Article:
This is a tricky question.  I don’t know if I can answer in a completely positive manner.  The deeper I get into the local scene, the more resistance I feel from others willing to share ideas and discoveries.  There seems to be a tremendous amount of local photographers in Orlando who really believe they are the greatest thing since sliced bread.  It’s a little discouraging as an artist to feel the community is elitist.  Luckily not everyone is like that.

Living in Central Florida, what are your views on the Orlando art scene?

I love the Orlando art scene right now.  I think it is the best it has ever been.  So much talent in the area now. And more importantly, has been given so many avenues to display and profit from their work!  For me, a work of art just has to be pleasing to me.  I don’t care if it was created by someone famous or a 10 year old.  If I like it, that’s all that matters to me.

Some photographers still use film.  What are your views on that?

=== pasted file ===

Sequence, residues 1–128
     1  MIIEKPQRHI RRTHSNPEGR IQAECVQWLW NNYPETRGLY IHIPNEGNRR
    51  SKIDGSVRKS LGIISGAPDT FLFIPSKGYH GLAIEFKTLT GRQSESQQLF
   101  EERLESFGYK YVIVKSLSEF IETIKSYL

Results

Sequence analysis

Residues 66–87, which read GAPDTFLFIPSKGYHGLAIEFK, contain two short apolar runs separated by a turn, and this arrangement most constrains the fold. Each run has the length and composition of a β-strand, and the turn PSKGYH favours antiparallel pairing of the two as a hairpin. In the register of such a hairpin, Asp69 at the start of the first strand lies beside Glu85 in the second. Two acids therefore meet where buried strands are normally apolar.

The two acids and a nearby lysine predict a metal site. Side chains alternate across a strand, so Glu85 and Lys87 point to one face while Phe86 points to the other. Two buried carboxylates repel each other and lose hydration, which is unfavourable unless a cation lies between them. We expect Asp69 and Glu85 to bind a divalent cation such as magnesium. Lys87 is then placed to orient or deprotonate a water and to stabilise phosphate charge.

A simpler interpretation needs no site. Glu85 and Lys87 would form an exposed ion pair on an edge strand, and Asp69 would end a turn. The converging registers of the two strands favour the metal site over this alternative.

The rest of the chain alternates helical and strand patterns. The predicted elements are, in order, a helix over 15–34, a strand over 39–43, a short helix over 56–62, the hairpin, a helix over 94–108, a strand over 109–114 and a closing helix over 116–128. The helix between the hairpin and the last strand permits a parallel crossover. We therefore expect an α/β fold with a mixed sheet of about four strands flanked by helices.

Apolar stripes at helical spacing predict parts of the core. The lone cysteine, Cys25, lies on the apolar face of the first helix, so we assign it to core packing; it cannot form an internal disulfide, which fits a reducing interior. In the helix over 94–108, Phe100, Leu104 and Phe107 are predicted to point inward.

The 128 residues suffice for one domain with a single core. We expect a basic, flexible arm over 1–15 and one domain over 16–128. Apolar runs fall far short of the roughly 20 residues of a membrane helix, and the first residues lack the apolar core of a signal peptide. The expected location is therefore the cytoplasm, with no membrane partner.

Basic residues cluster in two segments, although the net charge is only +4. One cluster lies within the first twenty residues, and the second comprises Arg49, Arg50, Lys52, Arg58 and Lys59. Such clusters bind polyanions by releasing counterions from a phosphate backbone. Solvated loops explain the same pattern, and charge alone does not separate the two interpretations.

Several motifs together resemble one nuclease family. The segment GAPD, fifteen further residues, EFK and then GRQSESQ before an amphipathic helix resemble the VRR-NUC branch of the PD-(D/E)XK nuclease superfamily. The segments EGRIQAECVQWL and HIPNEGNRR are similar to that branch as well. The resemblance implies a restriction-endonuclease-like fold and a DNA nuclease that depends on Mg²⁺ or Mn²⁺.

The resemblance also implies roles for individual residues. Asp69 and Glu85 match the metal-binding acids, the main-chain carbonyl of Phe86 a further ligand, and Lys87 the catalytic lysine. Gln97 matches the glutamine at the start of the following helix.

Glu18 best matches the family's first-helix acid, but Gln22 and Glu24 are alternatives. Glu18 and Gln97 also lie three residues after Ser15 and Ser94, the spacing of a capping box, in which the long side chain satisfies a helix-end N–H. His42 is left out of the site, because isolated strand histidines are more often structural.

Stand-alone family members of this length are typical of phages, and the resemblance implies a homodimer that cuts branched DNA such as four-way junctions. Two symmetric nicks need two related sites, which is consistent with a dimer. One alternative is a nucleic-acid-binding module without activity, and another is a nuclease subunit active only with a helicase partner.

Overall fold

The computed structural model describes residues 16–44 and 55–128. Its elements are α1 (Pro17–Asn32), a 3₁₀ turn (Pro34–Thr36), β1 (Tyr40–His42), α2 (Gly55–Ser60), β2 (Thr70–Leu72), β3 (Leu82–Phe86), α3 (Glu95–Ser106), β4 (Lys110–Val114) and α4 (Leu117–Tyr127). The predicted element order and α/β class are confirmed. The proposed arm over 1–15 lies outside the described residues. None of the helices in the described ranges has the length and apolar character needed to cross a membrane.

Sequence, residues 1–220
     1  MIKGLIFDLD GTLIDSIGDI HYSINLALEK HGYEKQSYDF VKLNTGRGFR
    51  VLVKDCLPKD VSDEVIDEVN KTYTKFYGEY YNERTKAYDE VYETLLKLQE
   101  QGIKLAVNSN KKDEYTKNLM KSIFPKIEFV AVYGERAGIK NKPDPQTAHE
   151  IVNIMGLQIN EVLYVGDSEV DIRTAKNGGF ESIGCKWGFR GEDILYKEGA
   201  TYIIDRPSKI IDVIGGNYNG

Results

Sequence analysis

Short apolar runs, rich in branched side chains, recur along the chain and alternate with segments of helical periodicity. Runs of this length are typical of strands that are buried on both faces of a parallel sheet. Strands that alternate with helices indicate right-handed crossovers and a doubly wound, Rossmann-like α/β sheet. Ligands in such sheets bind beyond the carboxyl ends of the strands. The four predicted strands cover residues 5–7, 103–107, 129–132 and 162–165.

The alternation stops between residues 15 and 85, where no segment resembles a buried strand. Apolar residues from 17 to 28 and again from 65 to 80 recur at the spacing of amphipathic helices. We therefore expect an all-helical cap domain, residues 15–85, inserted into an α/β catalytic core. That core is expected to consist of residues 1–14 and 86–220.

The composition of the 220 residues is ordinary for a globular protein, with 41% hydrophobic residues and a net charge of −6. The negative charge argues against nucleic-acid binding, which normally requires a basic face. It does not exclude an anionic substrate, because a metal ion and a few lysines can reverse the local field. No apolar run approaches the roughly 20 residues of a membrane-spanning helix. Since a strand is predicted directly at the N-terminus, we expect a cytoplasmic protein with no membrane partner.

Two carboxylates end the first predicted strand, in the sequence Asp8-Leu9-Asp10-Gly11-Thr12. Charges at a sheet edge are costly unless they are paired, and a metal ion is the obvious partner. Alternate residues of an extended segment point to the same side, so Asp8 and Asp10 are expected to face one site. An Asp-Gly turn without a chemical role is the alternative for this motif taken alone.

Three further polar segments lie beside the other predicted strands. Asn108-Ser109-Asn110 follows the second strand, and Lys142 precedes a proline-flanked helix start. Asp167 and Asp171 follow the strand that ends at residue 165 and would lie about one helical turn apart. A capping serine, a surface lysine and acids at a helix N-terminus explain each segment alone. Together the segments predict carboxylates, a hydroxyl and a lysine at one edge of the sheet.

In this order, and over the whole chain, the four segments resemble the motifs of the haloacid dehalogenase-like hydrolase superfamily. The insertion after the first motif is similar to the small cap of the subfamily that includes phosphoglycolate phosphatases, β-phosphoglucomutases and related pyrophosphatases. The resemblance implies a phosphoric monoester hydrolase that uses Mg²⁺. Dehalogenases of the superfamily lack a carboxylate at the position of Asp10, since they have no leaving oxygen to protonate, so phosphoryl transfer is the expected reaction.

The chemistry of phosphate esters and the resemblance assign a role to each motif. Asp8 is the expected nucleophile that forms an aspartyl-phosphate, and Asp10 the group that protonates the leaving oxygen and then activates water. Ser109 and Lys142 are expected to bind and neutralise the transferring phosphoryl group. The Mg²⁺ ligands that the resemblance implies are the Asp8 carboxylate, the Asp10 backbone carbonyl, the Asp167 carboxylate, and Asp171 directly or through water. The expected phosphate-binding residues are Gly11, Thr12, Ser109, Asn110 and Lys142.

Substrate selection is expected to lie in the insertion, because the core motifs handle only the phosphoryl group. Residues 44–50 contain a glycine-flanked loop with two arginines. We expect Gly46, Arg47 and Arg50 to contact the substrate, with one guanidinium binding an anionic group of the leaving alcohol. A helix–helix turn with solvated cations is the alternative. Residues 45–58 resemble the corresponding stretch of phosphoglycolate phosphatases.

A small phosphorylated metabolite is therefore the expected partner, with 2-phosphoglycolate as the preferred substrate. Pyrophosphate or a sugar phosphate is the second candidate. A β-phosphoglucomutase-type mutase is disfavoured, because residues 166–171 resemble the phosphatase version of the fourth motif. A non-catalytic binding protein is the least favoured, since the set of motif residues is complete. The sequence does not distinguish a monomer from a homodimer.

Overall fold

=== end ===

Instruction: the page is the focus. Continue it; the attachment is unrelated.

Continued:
I think film is still the best form of photography, but we are getting close to that no longer being the case.  DSLR’s have given us the ability to “doodle” with photos and not worry about the cost of film.  The ability to immediately review your shots to make adjustments and check for composition is just amazing.  Although I love the look of real film, I wish I had shot digital underwater stills instead of film.

Does equipment really matters when it comes to photography?

Yes and no.  I have seen some of the most amazing photos shot with the cheapest cameras imaginable. However, I do feel strongly the glass is the key to great digital photography outside of the photographer’s creative instincts and knowledge.

You told me some funny stories about “pro” photographers.  Tell me and the readers about the two stories you recently told me.

I hate being negative, but these were mind boggling to me.  I was told by a pro that I am not an artist because I do not love ALL types of photography.  Sorry man…I have seen the sun set in the ocean all my life; I don’t need to take a picture of it.  I also had a seasoned professional tell me “good luck” using a 50mm f1.8 Prime lens at a small concert venue.  I have to assume he was trying to derail me.  The band I shot literally freaked out they liked the photos so much.  The lens was absolutely perfect for the low light and small space.  Another reason why the only critic I need is myself and the customer.

Robert’s website is Red Metal Photography